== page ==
If you go far enough in Mexico you will eventually run smack into a political crisis, a scandal, or an open revolt, or possibly all three at once. Far enough being usually about 200 metres. In Oaxoaca City, the heart of a pleasant mountainous state known for its carpetweavers, Zapatec ruins, and heaps of expatriots living the easy life under sunny skies, there is definately an open revolt.
Since a march by the teachers´ union on 14 June was attacked brutally by 3000 state police, the city has seen the quick form alliance of different civil society groups: indigenous, socialist parties, and unions demanding the immediate resignation/impeachment/overthrow/fucking off of the state`s iron-fisted governor, Ulises Ruiz Ortiz who naturally is seen as being behind the whole no-negociation, shoot-first, arrest later policy. Ulises, as the protesters refer to him, is generally thought to have come to power through traditional means, that is, by vote-rigging and intimidation and has ruled in the traditional way.
For two months, a planton(a street takeover/protest camp) has made the struggle visible all over the normally tourist-filled zocalo. A small poster in English stands out amidst the Spanish political graffiti:
Please excuse the inconvenience while we
are making our history.
Once we have finished you will be able to
return to your regular tourist experience.
Streets have been barricaded, asphalt ripped up, trucks with ¨APPO¨ (Asemblea Popular del Pueblo Oaxoaqueña) spray-painted on them block off roadways. This is not a protest that goes home at three o´clock. The original issue the teachers were protesting against was the total lack of desks, textbooks, pencils, etc., in much of the state schools, plus the general lacking of the youngest students: without shoes, clothes or any food in their stomachs in many cases. The same level of public education for all Mexicans is guarenteed by the Constitution, and they wanted the governor to do something about it at last. This June march and planton was met with a 4 a.m. military-style assault (helicopters, tear gas, live ammunition) that left many wounded, half a dozen dead, and an explosion of political rage that has yet to subside.
Just yesterday another march of twenty thousand here in the city was attacked by police and a 50 year old mechanic who was marching with his wife (a biology teacher), was shot to death by riot police. If it wern´t for the planton of PRDistas five kilometres long in Mexico City (where thousands of supporters of Manuel Andres Lopez Obrador have successfully demanded a recount of the narrowly lost presidential election, by .6% of dubiously scrutinised 41 million votes), this regional struggle would be the top of the news. With this new killing yesterday (complete with photos of the dying man), in fact it IS in many front pages.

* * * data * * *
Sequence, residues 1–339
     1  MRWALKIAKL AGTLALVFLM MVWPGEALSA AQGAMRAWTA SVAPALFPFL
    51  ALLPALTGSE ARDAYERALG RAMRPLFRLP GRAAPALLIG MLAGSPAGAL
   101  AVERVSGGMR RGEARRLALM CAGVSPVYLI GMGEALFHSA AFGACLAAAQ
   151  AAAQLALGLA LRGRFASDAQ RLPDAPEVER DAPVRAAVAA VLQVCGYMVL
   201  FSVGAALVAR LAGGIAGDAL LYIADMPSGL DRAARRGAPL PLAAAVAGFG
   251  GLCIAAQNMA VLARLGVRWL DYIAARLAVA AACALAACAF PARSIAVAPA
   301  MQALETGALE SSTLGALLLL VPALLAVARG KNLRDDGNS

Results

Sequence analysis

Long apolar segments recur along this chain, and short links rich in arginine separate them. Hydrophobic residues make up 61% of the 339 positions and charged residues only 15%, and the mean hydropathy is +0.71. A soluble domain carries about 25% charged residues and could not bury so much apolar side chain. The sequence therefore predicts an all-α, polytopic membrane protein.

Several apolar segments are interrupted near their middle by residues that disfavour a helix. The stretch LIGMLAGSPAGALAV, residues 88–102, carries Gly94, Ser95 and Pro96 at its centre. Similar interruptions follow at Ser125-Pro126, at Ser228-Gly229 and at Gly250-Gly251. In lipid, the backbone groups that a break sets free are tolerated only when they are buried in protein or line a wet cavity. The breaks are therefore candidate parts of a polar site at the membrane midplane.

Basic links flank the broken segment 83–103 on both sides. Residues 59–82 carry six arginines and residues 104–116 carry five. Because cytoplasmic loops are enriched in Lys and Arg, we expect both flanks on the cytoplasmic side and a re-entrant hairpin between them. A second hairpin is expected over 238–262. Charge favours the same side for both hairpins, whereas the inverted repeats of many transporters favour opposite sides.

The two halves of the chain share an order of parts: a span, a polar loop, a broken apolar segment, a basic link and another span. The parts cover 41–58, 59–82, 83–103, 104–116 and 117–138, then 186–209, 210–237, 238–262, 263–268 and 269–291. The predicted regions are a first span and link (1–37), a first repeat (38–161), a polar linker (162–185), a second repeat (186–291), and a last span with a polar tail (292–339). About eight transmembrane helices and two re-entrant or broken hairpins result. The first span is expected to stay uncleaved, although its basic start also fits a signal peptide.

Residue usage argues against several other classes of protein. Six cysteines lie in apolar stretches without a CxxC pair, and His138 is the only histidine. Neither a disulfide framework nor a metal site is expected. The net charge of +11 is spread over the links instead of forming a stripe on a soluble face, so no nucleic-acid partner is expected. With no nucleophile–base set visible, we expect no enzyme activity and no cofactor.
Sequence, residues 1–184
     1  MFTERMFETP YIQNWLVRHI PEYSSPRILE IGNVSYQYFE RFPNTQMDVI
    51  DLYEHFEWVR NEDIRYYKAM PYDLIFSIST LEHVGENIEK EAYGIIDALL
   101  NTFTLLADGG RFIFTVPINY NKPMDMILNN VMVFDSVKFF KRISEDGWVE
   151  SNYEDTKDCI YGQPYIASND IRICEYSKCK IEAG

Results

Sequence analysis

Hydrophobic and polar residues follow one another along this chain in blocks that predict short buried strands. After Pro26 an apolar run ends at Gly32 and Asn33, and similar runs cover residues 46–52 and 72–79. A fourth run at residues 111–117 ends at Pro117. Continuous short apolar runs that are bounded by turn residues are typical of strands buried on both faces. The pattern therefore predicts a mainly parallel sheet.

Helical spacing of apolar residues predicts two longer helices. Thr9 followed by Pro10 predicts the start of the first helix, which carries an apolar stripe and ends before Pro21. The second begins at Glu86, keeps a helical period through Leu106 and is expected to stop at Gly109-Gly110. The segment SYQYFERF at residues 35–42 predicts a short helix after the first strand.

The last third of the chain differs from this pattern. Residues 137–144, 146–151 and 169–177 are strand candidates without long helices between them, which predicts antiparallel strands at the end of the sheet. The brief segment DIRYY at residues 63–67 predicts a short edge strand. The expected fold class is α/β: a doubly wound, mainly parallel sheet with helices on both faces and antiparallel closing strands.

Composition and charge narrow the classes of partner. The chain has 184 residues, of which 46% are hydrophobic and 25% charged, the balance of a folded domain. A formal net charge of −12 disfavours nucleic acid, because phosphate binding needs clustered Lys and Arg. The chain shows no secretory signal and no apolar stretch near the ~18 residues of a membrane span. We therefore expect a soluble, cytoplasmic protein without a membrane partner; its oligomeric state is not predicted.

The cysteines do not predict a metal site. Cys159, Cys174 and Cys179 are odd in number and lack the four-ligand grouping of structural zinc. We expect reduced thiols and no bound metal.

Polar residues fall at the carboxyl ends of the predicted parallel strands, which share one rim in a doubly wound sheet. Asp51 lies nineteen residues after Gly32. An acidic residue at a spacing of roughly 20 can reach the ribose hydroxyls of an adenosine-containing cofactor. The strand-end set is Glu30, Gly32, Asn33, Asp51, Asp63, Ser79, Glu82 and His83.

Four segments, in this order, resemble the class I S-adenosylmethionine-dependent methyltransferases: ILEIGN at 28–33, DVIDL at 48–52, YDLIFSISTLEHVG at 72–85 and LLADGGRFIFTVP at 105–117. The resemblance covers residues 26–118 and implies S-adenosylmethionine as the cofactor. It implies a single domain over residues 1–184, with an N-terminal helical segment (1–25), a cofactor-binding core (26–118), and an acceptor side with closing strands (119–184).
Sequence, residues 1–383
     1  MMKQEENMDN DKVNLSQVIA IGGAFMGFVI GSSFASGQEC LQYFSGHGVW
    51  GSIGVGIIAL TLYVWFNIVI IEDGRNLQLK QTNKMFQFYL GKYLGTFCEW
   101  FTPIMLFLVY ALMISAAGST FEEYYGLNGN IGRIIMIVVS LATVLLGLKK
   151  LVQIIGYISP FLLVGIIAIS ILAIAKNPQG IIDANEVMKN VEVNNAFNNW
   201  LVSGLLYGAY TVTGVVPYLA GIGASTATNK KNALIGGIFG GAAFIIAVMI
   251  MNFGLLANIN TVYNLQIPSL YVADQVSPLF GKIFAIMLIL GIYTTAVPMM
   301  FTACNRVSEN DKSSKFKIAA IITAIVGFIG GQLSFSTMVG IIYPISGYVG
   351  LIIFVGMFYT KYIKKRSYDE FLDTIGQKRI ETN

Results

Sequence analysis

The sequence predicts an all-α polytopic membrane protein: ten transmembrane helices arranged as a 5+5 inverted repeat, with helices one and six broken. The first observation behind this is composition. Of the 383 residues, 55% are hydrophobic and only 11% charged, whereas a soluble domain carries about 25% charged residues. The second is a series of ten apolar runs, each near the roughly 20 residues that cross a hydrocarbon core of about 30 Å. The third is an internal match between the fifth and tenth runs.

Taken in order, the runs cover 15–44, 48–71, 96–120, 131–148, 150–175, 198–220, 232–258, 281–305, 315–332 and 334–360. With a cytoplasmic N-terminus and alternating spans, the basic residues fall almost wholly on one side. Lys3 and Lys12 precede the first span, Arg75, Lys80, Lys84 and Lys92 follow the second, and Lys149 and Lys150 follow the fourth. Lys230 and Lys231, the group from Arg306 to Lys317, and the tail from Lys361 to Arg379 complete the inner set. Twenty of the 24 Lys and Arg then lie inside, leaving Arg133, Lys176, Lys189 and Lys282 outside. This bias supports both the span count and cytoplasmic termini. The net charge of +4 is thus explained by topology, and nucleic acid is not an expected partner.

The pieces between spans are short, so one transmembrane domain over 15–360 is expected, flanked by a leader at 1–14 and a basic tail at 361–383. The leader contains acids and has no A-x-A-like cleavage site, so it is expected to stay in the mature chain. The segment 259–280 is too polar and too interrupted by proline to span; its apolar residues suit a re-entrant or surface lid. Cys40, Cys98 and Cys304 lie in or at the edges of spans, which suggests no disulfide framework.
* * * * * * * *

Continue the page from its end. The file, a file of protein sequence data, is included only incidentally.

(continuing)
Mexican politics is a three-ringed circus of huge gestures and booming rhetorical sweep to match. Behind that there is a great frustration with the status quo in this economically expanding country of over 100 million. Legitimacy is badly wanted in a sea of corruption and incompetence. I saw a photo of the first ¨reconteo¨ in progess in the newspaper with a caption that read something like,
Counting is closely watched in the first of the votes to be re-examined.
In the photo an armed federale scrutinizes the IFE workers re-tabulating results at a table. One can imagine thirty more photographers in front of them. It is a ¨Ya basta¨ moment from a mainstream perspective, where the suggestions of a rigged election are being investigated ´voto por voto´ and damnit, this time it better be done properly. Its like every Mexican´s self-respect is on the line now - if this re-count can´t be done without interference then NOTHING can be done properly by Mexicans in the name of their own governance. It´ll be interesting to see the results, especially if Calderon wins a second time, but by an even smaller margin.
The contradictions of a modernizing society that is a constitutional democracy run by oligarchs are evermore rising to the surface. But contradictions of honesty are a part of the Mexican culture and character. While teaching English to teenagers, I was forced to confront the fact that half of my most advanced students plagiarized their final essays completely from the internet, even after I had caught nearly all of them doing it to some degree on the first draft of their initial essays and given them copies of the MLA guidelines for documenting sources plus the obvious lecture with embarassing examples.
The human urge to cheat in the face of difficulty is very great it seems, especially here.
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